Transforming the landscape of Southern Iberia, the waterwheel was the single most important item of technology to be introduced in the 8th century, shortly after Arab forces invaded from Morocco, as Carolyn Kain discovered
At the time, the waterwheel was unknown in Iberia but it became the best device for accessing underground water supplies. In Portugal known as ‘nora’ (in English ‘noria,’ from the Arab word ‘na’urah’), it is the subject of Roma Markov’s latest painting. The artist is based in Faro and the original painting is currently exhibited at Galeria CôrteReal in Paderne.
Throughout the Algarve countryside, many noras can still be seen but most are no longer in working order. They once drew water from a well passing it through a series of dug-out channels to irrigate the fields. A donkey or a mule walking in circles was used to turn the large wheel which dipped down into a well, filling pottery or metal containers attached around its rim. At the surface, gravity tipped the water into a trough or aqueduct and the empty containers returned to the bottom of the well in a continuous process.
Both Portugal and Spain benefitted from the nora so that for centuries the Iberian fields were far better developed than those in the rest of Europe. Groves of almonds, apricots, carob, pomegranate and citrus trees flourished.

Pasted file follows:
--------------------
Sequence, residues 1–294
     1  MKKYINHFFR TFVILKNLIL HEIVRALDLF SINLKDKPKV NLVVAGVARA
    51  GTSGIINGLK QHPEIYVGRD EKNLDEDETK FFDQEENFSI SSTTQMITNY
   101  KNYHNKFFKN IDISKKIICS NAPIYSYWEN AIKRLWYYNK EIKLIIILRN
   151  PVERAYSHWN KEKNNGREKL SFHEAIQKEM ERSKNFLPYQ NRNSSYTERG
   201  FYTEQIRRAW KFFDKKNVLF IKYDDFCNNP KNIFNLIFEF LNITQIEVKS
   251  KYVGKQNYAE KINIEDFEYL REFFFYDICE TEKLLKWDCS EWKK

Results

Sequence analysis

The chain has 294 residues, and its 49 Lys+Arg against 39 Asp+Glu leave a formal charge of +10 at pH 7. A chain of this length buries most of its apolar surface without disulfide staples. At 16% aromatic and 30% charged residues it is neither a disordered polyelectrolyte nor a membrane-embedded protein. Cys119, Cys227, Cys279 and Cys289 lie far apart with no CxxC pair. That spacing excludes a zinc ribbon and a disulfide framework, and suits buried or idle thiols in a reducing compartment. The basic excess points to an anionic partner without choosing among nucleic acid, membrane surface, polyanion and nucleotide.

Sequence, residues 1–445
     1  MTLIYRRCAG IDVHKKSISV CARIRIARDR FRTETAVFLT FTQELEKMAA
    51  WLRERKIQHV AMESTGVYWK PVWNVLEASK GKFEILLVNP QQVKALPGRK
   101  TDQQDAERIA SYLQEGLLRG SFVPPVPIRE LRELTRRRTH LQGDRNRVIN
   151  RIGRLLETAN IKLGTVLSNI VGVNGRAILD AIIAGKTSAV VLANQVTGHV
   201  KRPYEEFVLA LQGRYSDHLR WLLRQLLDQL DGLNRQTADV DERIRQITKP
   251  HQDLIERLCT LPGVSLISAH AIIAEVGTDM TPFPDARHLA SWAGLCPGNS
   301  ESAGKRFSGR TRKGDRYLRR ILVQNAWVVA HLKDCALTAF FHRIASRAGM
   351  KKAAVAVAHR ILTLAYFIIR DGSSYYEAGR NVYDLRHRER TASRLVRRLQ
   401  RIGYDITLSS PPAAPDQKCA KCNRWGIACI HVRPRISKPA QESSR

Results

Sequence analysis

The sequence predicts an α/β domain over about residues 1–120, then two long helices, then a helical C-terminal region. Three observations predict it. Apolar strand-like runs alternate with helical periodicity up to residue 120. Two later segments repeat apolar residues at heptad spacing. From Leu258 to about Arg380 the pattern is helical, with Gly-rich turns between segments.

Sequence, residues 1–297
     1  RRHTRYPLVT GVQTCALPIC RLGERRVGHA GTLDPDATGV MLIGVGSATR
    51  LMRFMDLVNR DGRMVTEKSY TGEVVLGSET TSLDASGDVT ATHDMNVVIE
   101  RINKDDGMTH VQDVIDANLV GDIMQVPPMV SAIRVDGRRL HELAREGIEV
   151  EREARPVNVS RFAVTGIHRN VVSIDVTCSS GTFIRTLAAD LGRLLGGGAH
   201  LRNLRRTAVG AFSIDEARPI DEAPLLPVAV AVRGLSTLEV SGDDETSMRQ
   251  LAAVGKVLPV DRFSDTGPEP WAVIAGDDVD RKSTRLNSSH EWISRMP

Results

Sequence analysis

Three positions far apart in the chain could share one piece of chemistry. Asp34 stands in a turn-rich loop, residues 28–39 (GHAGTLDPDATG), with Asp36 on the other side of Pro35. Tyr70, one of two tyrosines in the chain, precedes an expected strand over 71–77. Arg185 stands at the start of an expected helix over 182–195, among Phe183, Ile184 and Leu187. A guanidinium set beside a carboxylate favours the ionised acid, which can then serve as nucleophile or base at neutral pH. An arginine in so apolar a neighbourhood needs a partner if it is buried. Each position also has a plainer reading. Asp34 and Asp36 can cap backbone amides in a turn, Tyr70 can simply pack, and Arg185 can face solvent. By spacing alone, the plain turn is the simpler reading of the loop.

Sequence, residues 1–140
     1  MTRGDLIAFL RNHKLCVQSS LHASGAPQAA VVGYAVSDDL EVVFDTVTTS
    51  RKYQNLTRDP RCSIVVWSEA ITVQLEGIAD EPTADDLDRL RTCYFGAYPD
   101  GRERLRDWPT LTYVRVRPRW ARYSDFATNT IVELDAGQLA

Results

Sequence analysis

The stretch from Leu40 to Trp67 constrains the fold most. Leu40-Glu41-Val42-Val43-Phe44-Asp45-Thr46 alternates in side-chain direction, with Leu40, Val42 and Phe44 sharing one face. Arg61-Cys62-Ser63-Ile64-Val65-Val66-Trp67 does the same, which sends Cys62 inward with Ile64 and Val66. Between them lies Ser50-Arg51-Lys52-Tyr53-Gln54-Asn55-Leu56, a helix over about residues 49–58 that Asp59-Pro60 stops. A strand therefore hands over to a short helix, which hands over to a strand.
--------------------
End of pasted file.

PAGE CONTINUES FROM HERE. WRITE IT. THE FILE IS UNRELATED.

Numerous crops and vegetables could now be grown on what had previously been arid land.
The 12th-century Moroccan scholar, Al Idrisi, described the Algarve as a land of beautiful cities, surrounded by irrigated gardens and orchards.
Going back in time
The origin of the waterwheel is something of a puzzle although there is evidence that a similar invention existed in Egypt around 700BCE.
It collected water from a river, the flow filled the containers by immersion and, as the wheel rotated, the upper containers were emptied out into a trough. At around the same time – developed independently in China – the ‘bucketwagon’ was an almost identical device.
Five hundred years later the nora’– able to draw water from a well rather than a river – was in common use across Iberia. Arab engineers made significant improvements to the design developing the flywheel and crankshaft to deliver power more smoothly. Once a well was sunk and a ‘nora’ installed, agriculture could be made to thrive.
Other irrigation methods have superseded the waterwheel so that the land around each nora has returned to its natural state; parched in summer but at other times of year surrounded by wild plants and grasses. One such scene inspired Roma Markov’s painting.
“An iconic image of the Algarve’s agricultural past,” he says.
In parts of Morocco such as Tagmoute, the ‘nora’ continues to be used. Nowadays wells are hygienically lined and the water treated with chemicals but the method of bringing it to the surface exactly replicates the system that was once used here.
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